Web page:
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The cooler temperatures are always a welcomed time. I relish the thought of my yard work slowing down and going into hibernation (for a while at least!). Fall brings me the chance to take some time off from all of my outdoor projects and think about what I have left on my to-do list inside the home.
But before you all hang your shovels in the shed, take time to think ahead for what you want to do in our gardens in the spring. Gardening has once again become in vogue. Tilling the earth, growing your own vegetables, and canning and freezing for your family are something that many first-timers are trying out. I am passionate about gardening, but spring time will bring plenty of time for veggie talk. Fall gives me a quick opportunity to think ahead for what I (and you!) may want to do the next year in my garden.
If you are a first time gardener, fall is the time to prepare the area you want to house your garden. It is important to ready the ground in the fall and till it enough so it can settle and be prepared for spring plantings. As someone who loves a traditional English approach to garden design, I have decided to relocate my garden and have started the preparations for spring.
A FRESH START
Moving a garden and starting fresh has some great benefits. Many diseases and fungi (such as tomato blight) live in the ground. After years of gardening in the same spot, it will be harder to suppress the problems your plants may suffer from. Moving the garden will give you a great why to start anew. Also, when you plan a new space for your garden, you are able to take an evaluation of things you didn’t like about your old space.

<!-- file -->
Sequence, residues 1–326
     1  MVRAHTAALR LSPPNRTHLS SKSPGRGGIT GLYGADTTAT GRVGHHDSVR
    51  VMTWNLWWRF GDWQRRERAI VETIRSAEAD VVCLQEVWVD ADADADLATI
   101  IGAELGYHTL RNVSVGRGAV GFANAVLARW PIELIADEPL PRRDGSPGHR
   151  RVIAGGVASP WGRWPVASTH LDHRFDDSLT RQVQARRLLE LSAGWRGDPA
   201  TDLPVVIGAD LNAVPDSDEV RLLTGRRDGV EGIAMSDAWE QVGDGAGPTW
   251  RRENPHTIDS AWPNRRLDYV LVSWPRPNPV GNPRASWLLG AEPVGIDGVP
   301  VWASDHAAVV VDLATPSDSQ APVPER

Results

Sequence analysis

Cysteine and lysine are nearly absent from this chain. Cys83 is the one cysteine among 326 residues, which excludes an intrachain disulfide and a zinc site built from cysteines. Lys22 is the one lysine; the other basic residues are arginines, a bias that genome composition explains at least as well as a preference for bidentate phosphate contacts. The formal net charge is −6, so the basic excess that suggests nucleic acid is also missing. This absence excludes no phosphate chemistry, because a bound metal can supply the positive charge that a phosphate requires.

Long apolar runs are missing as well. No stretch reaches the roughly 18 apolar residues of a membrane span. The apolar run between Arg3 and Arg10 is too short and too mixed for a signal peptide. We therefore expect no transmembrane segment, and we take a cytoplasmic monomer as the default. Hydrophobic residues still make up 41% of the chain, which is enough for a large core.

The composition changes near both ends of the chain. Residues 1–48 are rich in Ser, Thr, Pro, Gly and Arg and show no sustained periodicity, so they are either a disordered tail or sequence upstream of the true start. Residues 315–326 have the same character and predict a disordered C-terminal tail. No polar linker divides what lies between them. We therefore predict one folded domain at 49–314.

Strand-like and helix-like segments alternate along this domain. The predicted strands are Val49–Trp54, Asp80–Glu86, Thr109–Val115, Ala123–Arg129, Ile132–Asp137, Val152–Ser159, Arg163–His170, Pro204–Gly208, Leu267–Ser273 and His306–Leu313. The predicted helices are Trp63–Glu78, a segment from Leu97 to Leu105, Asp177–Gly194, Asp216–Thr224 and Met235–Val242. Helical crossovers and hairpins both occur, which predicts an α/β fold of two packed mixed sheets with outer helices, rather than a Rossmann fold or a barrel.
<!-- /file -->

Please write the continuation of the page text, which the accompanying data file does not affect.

In my own garden, I was tired of the large traditional square design that many gardeners default to. So I decided to create a grid with large walkways in between.
Make sure to make the walkways wide enough for a mower.
This grid design with wide walkways will allow me to have easier access to everything I plant and keep my entire garden more organized. In addition, it will allow for greater visibility into the growth state and health of my plants.
PROCURE THE CORRECT TOOLS
I rented a sod cutter so I could start my new garden with clean lines. (My sod cutter rental was an affordable $60 for the day.) A sod cutter allows deep cuts into the soil that will prevent grass from growing in the garden. This will ensure that the edges of the garden keep their clean lines.
Save the leftover sod from your tilling and use it in other places in your yard where needed.
PREP THE SOIL
After cutting the sod, the only task left for this fall is to turn the dirt. Some soil may need nutrients and it may be good to add those nutrients after tilling the dirt. Personally, I will not be adding anything special to this garden, but will make sure to put compost from the kitchen and some manure on the garden in the spring. It is very important to turn your dirt in the fall and let it sit for the winter; it needs this time to further decompose.
It may be tempting to want to finish all of your yard work in the fall and not think about it again until the spring. But taking the time to plan ahead and prepare early will help you be ready by the time the snow melts next year! As a good friend always reminds me, whether you garden on a small scale in pots on your patio or have rows and rows of veggies, always remember the all-important five P’s: Prior Planning Prevents Poor Performance!
Images by The Gray Boxwood[divider]